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A group of researchers have concocted the perfect recipe for a nanoscale sandwich.

Scientists from Rice University have put two slices of atom-thick graphene around nanoclusters of magnesium oxide to give a super-strong, conductive material of expanded optoelectronic properties.

A team led by Rice materials scientist Rouzbeh Shahsavari built computer simulations of the compound and found it would offer features suitable for sensitive molecular sensing, catalysis and bio-imaging.

This new research could help researchers design a range of customizable hybrids of two and three-dimensional structures with encapsulated molecules.

The researchers were inspired by experiments elsewhere in which various molecules were encapsulated using van der Waals forces to draw components together. The Rice-led study was the first to take a theoretical approach to defining the electronic and optical properties of one of those “made” sample— two-dimensional magnesium oxide in bilayer graphene.

“We knew if there was an experiment already performed, we would have a great reference point that would make it easier to verify our computations, thus allowing more reliable expansion of our computational results to identify performance trends beyond the reach of experiments,” Shahsavari said in a statement.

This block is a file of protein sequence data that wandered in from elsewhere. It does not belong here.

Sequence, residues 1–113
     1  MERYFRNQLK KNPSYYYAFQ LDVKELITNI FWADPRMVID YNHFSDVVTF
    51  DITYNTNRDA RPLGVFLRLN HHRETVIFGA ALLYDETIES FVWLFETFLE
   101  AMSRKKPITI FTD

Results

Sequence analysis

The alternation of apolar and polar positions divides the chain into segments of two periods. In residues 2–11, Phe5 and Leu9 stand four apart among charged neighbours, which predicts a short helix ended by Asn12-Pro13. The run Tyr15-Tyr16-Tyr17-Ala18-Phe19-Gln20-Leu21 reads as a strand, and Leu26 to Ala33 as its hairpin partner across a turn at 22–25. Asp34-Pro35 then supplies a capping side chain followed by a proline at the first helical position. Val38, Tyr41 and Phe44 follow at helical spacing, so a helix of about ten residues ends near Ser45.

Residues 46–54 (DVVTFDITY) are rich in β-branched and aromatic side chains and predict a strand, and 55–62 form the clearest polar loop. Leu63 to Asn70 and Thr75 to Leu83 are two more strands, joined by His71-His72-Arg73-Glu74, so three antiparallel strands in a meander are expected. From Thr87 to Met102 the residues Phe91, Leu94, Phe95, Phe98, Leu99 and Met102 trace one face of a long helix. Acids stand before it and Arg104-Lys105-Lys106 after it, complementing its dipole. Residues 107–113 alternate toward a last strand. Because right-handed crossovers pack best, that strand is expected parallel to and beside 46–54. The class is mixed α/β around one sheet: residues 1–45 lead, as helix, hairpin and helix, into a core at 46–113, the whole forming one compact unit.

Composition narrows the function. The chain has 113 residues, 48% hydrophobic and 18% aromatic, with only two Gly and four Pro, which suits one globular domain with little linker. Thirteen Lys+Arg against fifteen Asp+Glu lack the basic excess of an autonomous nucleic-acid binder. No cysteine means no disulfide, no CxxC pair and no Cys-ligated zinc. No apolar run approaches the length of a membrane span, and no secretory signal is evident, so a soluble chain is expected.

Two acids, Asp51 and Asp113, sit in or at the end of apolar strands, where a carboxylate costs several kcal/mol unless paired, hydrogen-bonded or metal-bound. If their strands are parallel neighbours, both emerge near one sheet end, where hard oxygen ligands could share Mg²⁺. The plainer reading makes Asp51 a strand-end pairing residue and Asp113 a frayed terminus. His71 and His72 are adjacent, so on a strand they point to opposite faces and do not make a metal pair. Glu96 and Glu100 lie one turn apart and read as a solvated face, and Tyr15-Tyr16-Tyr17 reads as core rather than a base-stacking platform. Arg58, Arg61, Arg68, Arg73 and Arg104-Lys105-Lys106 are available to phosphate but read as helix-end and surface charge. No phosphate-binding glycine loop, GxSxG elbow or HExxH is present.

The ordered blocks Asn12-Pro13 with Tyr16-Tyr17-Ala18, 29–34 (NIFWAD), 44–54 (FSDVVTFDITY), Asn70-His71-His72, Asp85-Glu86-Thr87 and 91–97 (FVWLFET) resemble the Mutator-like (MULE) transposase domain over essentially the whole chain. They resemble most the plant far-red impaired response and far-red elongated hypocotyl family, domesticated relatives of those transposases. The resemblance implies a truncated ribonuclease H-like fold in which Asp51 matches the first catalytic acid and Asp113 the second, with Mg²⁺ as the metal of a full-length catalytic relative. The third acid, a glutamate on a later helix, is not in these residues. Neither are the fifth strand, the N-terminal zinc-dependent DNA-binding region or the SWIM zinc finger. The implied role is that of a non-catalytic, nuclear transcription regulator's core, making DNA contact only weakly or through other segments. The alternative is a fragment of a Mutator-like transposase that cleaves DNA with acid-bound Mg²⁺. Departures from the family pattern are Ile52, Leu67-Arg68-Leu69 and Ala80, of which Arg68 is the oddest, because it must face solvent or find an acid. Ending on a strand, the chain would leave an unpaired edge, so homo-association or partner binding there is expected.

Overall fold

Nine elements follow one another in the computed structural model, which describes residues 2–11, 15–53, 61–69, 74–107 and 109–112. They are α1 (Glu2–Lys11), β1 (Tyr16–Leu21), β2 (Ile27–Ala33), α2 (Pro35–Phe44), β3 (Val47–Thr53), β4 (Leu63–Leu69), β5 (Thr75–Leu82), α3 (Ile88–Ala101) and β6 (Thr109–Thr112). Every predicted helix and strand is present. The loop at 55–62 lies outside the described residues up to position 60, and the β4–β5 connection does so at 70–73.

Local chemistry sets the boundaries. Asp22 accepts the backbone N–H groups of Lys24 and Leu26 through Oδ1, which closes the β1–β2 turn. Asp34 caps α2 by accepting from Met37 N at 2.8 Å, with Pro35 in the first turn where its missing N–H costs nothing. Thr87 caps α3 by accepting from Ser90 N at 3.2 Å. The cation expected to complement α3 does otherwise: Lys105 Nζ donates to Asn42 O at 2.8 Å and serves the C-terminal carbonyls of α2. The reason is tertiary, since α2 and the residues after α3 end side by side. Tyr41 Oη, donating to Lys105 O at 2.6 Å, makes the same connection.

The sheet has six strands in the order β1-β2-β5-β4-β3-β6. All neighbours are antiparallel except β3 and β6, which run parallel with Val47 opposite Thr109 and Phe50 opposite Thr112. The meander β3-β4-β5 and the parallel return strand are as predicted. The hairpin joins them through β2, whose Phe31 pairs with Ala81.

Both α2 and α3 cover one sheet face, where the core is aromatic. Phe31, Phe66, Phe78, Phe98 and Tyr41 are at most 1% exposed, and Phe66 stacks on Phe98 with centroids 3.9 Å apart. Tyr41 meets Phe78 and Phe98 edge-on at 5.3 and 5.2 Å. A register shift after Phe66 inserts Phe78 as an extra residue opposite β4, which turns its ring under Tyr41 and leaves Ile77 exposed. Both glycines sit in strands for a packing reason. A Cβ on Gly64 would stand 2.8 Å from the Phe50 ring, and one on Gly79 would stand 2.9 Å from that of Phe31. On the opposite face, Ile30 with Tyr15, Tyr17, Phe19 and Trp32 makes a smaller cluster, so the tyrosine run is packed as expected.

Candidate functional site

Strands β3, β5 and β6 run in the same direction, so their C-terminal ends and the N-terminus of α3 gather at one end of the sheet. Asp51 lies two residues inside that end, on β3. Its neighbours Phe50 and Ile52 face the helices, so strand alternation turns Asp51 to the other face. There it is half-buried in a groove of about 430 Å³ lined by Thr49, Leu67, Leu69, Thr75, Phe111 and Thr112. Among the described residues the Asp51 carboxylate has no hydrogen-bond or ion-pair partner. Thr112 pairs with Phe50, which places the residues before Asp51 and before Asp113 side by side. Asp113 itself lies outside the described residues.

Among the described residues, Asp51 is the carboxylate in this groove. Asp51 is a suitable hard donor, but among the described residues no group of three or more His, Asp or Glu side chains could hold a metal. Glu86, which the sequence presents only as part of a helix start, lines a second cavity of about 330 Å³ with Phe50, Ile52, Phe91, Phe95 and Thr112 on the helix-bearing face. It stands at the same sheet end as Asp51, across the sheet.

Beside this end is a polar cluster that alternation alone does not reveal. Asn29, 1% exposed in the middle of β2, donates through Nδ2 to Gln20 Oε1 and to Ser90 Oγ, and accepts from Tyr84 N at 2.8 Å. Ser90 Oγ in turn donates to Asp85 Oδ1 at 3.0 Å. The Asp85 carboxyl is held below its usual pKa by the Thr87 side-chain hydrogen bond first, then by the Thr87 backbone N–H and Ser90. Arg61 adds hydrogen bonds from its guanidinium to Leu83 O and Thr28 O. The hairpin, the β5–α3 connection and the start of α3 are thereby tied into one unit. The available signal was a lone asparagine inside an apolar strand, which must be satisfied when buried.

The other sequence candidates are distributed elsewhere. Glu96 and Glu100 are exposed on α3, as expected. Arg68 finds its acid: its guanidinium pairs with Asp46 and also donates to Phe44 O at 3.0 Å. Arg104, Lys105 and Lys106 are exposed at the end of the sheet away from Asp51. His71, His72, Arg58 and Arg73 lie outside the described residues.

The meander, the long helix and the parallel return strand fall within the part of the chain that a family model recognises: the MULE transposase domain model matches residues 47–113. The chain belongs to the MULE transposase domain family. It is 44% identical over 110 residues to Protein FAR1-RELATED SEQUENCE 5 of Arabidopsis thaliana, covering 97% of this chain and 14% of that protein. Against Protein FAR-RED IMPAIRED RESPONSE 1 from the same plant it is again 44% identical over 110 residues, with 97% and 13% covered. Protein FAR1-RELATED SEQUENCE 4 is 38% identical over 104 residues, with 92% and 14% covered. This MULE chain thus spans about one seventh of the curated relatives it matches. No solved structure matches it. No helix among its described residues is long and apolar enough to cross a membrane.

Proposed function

Graphene on its own has no band gap—the characteristic that makes a material a semiconductor. However, the newly created hybrid does have a band gap that could be tunable, depending on the components. The enhanced optical properties are also tunable and useful.

“We saw that while this single flake of magnesium oxide absorbed one kind of light emission, when it was trapped between two layers of graphene, it absorbed a wide spectrum,” Shahsavari said. “That could be an important mechanism for sensors.”

According to Shahsavari, the group’s theory should be applicable to other two-dimensional materials, including hexagonal boron-nitride and molecular fillings.

“There is no single material that can solve all the technical problems of the world,” he said. “It always comes down to making hybrid materials to synergize the best features of multiple components to do a specific job.

“My group is working on these hybrid materials by tweaking their components and structures to meet new challenges,” he added.

The study was published in Nanoscale.  

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